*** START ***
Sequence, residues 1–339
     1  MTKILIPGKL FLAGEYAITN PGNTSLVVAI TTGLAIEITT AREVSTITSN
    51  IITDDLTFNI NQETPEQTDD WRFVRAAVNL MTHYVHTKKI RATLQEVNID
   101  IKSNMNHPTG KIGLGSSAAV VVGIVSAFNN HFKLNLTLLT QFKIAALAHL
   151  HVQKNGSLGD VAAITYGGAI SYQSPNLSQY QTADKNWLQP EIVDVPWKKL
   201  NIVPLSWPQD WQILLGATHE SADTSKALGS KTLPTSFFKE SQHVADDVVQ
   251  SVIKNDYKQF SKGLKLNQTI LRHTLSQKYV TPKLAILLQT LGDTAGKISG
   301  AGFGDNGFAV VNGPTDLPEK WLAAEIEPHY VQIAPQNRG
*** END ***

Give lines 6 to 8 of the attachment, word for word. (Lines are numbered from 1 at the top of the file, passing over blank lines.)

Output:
   201  NIVPLSWPQD WQILLGATHE SADTSKALGS KTLPTSFFKE SQHVADDVVQ
   251  SVIKNDYKQF SKGLKLNQTI LRHTLSQKYV TPKLAILLQT LGDTAGKISG
   301  AGFGDNGFAV VNGPTDLPEK WLAAEIEPHY VQIAPQNRG